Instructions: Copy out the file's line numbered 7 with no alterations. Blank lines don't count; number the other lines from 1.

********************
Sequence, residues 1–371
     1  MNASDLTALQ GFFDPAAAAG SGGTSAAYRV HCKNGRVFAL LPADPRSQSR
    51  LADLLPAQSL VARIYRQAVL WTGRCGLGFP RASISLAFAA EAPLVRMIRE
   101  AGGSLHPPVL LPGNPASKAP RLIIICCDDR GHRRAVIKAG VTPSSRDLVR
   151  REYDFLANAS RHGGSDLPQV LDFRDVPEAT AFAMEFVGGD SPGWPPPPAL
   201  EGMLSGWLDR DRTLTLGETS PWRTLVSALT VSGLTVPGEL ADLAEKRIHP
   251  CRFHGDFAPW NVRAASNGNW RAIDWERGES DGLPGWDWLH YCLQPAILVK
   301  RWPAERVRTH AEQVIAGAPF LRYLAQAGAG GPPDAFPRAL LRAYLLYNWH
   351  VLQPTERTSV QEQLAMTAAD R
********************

   251  CRFHGDFAPW NVRAASNGNW RAIDWERGES DGLPGWDWLH YCLQPAILVK